A track record of success - for fan-owned clubs

The best course of action would be for Town fans to take control of the club themselves. This is partly a matter of principle. The continental model, or that preferred by Supporters Direct, should be the norm rather than the outlier. But there is also plenty of practical evidence of clubs prospering when they are run by the fans.

While the Fenty apologists point to the fall of Bury, along with the recent histories of clubs like Notts County, Blackburn, Oldham and Macclesfield to show how much worse things might have been, there are other examples out there. AFC Wimbledon, Swansea, Portsmouth, Newport, Exeter and Bournemouth are all clubs whose existences were threatened. They are all clubs whose future was secured not by a speculator or a local 'made good' benefactor but by the fans themselves taking control. Though some of them fell further than Town and were sunk in debt, they have now outstripped our own progress.

It may come to be that Shutes takes over and proves to be a good and diligent owner along the lines of Andy Holt at Accrington. That may be the desire of many who seek only to turn up and watch the team they adore. But it need not be the limit of all fans' ambitions.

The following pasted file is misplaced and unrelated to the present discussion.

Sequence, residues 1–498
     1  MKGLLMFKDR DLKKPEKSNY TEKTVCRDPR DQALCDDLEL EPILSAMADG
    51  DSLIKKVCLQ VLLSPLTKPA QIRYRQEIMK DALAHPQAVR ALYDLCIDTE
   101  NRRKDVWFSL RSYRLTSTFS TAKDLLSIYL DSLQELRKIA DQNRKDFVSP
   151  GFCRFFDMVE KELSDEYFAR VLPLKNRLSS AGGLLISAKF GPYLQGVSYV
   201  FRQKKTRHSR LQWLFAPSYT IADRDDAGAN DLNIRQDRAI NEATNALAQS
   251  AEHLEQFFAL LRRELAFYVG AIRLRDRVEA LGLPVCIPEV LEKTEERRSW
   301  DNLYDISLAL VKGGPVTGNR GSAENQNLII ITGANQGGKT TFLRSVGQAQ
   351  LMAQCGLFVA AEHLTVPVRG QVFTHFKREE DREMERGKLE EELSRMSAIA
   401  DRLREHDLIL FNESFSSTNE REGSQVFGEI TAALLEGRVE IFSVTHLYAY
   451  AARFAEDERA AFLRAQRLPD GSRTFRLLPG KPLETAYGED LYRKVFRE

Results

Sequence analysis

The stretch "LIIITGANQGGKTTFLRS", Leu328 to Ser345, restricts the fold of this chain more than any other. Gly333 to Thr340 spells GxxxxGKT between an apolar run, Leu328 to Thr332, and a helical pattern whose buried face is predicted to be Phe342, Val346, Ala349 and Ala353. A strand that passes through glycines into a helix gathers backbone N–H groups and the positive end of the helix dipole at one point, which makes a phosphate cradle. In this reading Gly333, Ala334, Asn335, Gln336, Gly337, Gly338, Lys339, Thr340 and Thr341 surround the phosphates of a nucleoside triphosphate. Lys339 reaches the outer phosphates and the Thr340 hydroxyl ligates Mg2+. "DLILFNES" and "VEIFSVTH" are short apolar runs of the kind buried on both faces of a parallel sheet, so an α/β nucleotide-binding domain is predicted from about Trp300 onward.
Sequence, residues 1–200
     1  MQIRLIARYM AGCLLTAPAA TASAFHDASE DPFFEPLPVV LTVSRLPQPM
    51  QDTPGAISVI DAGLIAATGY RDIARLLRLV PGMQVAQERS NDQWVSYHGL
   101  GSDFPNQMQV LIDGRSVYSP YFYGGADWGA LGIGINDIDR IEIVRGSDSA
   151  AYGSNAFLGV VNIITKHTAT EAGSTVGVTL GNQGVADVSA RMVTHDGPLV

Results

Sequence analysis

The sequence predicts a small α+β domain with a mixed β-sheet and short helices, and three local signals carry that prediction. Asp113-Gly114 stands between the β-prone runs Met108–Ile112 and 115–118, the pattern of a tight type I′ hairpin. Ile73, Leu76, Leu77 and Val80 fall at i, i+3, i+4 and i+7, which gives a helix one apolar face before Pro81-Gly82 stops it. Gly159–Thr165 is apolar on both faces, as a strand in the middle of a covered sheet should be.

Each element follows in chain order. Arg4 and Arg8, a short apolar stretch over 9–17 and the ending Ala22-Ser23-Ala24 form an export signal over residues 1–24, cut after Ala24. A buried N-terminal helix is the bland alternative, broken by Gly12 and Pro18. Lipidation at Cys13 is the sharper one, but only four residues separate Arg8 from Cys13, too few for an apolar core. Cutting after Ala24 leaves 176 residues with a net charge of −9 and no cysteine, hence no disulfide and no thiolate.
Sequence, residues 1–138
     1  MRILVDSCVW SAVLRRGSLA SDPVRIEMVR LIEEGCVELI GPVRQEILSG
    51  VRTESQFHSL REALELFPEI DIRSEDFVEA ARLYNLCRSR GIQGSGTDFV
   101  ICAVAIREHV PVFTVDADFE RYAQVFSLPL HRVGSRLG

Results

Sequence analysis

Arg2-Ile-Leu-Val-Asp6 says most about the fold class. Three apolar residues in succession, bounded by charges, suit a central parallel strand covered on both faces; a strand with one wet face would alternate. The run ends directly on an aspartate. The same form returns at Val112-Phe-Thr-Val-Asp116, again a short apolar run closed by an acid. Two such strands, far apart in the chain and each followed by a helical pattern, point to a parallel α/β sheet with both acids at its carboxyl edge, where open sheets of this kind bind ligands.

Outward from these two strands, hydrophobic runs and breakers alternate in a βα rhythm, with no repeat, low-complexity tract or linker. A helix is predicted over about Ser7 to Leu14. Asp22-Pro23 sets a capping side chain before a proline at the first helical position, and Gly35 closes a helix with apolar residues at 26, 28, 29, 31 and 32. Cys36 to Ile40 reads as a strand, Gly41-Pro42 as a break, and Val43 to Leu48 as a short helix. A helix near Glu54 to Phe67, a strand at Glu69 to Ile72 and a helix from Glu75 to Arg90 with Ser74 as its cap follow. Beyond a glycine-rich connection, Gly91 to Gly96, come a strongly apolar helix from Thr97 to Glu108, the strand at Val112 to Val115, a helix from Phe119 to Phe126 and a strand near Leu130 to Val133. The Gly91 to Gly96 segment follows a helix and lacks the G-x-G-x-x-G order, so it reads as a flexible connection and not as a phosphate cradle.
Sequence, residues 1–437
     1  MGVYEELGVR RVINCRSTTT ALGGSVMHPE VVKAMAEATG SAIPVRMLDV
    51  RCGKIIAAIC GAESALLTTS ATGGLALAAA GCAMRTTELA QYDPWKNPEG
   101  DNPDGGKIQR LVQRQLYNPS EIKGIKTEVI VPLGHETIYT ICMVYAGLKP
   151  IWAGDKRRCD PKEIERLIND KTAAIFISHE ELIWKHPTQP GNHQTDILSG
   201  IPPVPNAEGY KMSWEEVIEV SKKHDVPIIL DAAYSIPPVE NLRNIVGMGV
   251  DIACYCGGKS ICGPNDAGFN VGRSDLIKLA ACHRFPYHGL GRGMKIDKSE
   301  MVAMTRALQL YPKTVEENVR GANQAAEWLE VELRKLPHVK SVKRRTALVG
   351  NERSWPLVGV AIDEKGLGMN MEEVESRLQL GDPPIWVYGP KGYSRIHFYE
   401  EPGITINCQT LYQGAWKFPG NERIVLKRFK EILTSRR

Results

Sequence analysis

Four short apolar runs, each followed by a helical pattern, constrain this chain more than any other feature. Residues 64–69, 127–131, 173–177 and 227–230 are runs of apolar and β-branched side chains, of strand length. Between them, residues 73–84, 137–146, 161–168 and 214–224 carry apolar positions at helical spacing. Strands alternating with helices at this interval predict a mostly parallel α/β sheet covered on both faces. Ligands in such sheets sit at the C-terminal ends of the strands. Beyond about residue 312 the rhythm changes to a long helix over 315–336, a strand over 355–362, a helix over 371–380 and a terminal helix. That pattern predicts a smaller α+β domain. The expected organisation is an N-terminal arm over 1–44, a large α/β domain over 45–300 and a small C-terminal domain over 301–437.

We can learn from the experiences of fan-owned clubs. We can seek the input of supporters' organisations such as Supporters Direct and the FSA. With those examples to build on, there can be little doubt that among our fanbase there is sufficient expertise to cover all aspects of a community-run and community-focused football club.

The experiences of Bury, Bolton and many others should not be a reason to thank Fenty for his tenure. Neither should they be an excuse for his failures. They point up the danger of having a community asset like a football club controlled by any individual. Grimsby Town FC belongs to the community. It will exist as long as people like you and me will watch. The best chance we have of guaranteeing that it will be as a Football League club is to take control.

In a future article, Baz will explore how a fan-owned club could operate. Write in with your ideas.